AnnouncementPinecone serverless is now in public preview on GCP and AzureGet started

A good embedding model makes a huge difference in the performance of a search application. When picking the first model to use with Pinecone Inference API, we were looking for a model that would be a good choice for a wide variety of applications. We picked E5 because it’s small, open source, natively multilingual, and performs well on benchmarks across languages.

In this article, we’ll give you a look under the hood of the E5 model: how it was trained, how to best use it, and a working example that shows off some of the handy properties of a multilingual model.

Why are embedding models important?

Most of the world’s information is locked up in unstructured data like text, images, and audio.

These data can’t readily be interpreted by software applications unless they are converted to vectors (also known as embeddings), which are numerical representations of data.

Embedding models are the engines that do this conversion.

Multilingual models can do this within and across languages, acting as a sort of universal language semantic layer.

example of an embedding model operating on a query, and outputing query vectors
Embedding models turn input text into vectors, which are used for vector search in vector databases

Why host a model in the first place?

Building with vector databases involves a lot of moving parts, and one of the hardest ones is choosing a model to embed your data with.

Typically, this required you to:

  1. Find a set of models, open source and third party APIs
  2. Learn how to use the models, best practices and implementation
  3. Compare their performance, and choose one
  4. Deploy it for inference
  5. Embed your data
  6. Upsert into Pinecone
  7. Build!

Now with the Pinecone Inference API, you can get started embedding and upserting your data within the Pinecone SDK. It’s as easy as one function call:

from pinecone import Pinecone

pc = Pinecone(API_KEY)

texts = [
  "This is the first sentence to be embedded",
  "This is the second sentence",
  ... # more sentences
  "This is the last sentence"
]

embeddings = pc.inference.embed(
  model="multilingual-e5-large",
  inputs=texts,
  parameters={"input_type": "passage"}
)

The Pinecone Inference API takes care of hosting best-in-class models and tokenization for you as well.

What is E5?

The E5 model series was developed by Microsoft researchers, and stands for EmbeEddings from bidirEctional Encoder rEpresentations, and is meant to be a performant embedding model for semantic search, retrieval and classification tasks [1]. The specific instantiation of the E5 model hosted on Pinecone is called multilingual-e5-large.

Although multilingual embedding models existed prior to E5, E5 itself stands out for its unique training dataset, training processes, and performance.

Dataset Creation and Training Process

The researchers behind E5 pointed out that prior models were developed using two kinds of datasets:

  1. Manually labeled datasets, like MS-MARCO or SNLI, which are high quality but expensive to scale upward for better performance
  2. Synthetic dataset tasks like the Inverse Cloze Task, which take advantage of text structure to generated labeled data, but are inherently lower quality [1, 2].

Additionally, most embedding models are not multilingual, and obtaining data that satisfies the above criteria demands a corresponding increase in dataset size.

Diagram of different dataset tasks for building good embedding models
A comparison of manually labeled datasets and synthetic tasks possible for training models

So, they set out to curate a massive multilingual dataset which would allow for the best properties of both manually labeled datasets and synthetic ones [3].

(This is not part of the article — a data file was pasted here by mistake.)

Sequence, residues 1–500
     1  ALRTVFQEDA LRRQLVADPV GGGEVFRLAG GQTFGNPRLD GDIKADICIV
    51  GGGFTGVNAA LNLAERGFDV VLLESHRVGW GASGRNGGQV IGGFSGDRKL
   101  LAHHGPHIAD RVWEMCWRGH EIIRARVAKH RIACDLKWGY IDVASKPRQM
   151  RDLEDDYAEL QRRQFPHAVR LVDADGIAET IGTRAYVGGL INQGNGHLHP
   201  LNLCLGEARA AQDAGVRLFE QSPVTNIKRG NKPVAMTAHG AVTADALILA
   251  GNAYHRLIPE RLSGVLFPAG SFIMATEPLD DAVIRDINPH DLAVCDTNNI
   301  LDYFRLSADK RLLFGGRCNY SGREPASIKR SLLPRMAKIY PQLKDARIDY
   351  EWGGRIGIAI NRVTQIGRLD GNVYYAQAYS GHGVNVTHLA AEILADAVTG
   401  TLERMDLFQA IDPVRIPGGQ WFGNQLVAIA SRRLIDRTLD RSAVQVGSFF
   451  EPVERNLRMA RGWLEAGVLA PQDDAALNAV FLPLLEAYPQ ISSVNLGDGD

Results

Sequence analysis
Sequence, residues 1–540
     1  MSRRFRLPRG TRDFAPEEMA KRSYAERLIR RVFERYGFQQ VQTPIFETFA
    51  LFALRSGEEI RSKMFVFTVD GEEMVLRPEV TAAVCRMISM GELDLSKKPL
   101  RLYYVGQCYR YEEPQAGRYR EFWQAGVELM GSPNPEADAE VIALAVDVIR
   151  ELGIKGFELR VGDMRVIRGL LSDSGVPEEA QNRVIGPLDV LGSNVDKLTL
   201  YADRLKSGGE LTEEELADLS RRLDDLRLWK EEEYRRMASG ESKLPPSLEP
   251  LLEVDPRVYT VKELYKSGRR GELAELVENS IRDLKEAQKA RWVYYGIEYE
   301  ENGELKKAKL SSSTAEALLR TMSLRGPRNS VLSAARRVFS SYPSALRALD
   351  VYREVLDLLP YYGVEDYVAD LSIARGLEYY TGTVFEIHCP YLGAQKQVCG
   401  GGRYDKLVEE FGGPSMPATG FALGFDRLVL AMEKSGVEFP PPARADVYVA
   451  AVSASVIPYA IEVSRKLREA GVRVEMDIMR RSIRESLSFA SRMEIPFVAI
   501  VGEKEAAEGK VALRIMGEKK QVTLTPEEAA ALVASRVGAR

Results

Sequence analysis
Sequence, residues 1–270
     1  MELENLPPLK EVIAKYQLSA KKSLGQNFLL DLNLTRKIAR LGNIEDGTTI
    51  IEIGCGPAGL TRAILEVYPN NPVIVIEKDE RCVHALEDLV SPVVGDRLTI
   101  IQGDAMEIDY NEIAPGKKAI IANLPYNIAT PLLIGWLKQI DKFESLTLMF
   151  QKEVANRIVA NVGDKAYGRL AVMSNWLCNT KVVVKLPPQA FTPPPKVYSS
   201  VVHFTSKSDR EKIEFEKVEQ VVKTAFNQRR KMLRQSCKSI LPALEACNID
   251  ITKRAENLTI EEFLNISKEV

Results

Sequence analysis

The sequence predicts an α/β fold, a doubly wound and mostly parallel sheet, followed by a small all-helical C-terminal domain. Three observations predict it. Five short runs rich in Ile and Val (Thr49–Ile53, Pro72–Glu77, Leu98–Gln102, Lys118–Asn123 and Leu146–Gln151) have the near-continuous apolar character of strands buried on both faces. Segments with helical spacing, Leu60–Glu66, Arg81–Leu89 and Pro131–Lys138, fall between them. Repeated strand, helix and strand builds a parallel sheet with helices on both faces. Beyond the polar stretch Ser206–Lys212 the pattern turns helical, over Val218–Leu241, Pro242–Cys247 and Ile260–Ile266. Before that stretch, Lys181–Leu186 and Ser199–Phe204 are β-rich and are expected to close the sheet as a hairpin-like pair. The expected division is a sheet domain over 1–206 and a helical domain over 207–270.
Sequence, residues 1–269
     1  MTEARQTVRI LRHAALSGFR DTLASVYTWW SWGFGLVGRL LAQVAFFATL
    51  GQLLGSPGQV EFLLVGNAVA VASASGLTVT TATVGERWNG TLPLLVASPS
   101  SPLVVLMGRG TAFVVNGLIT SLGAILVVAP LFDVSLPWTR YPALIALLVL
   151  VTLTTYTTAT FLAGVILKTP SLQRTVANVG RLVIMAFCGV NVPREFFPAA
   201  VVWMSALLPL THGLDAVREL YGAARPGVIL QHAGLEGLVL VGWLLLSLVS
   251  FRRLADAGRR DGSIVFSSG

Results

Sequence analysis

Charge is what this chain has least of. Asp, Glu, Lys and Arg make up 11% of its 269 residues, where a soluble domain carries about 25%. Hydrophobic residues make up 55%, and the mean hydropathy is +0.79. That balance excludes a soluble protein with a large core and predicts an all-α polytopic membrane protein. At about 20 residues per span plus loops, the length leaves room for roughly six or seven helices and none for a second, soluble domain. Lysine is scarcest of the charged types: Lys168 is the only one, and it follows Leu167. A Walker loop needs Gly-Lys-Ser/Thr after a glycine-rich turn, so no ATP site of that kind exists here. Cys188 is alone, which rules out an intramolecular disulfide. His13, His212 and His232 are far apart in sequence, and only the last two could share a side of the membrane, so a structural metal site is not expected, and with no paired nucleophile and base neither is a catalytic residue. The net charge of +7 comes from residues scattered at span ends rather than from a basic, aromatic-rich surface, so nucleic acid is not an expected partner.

This dataset was constructed by collecting naturally occurring text pairs across varying sources and languages. A text pair can be thought of as two texts that would normally exist together in the “wild”, such as titles of articles and corresponding sections, translation pairs, and questions/answer pairs.

Another important quality of these pairs is that they can be symmetric or asymmetric. You might have a pair of texts that are roughly the same length (such as translation pairs) or different lengths (such as document titles and paragraphs). The researchers decided to differentiate these as “query” texts and “passage” texts, so much so that they prefix the corresponding data when training the model, to better perform on certain retrieval tasks [3].

Data points used in training of the E5 model
Example dataset pairs that may be used in the training of E5

If we were to train embedding models for semantic search and retrieval, we’d want embeddings of these pairs to be close together in vector space. This would correspond to the closeness of their semantic meaning and relevance to one another, which are desirable properties to encode in vectors.

And since they occur across the internet in large numbers, it’s easy to grab and identify these pairs.

By using these pairs in the training data for embedding models, we can take advantage of the inherent relevance and semantic closeness of these objects, as a signal for embedding models.

And how was multilingualism achieved? Multilingual models like E5 leverage clever tokenization schemes that allow for all sorts of languages to be processed during training.

E5’s dataset and tokenization procedures ensure that any of around 100 languages can be embedded seamlessly with the model [4].

Image showing different languages as vectors in vector space, where similarly meaning sentences in different languages cluster
An example of sentences in different languages clustering in vector space

A great primer on multilingual training of embedding models is located here.

The Pinecone Inference API tokenizes input text for you, so there is no need to be concerned with implementation details for different languages; just pass the text to the endpoint.

After suitable datasets are gathered, the next step is model training.

Learning with Weakly Supervised Contrastive Pretraining

Remember those natural text pairs we mentioned? Finding labels in this fashion is called “weak supervision”, as they can still be noisy, as opposed to “supervised” datasets with clear labels.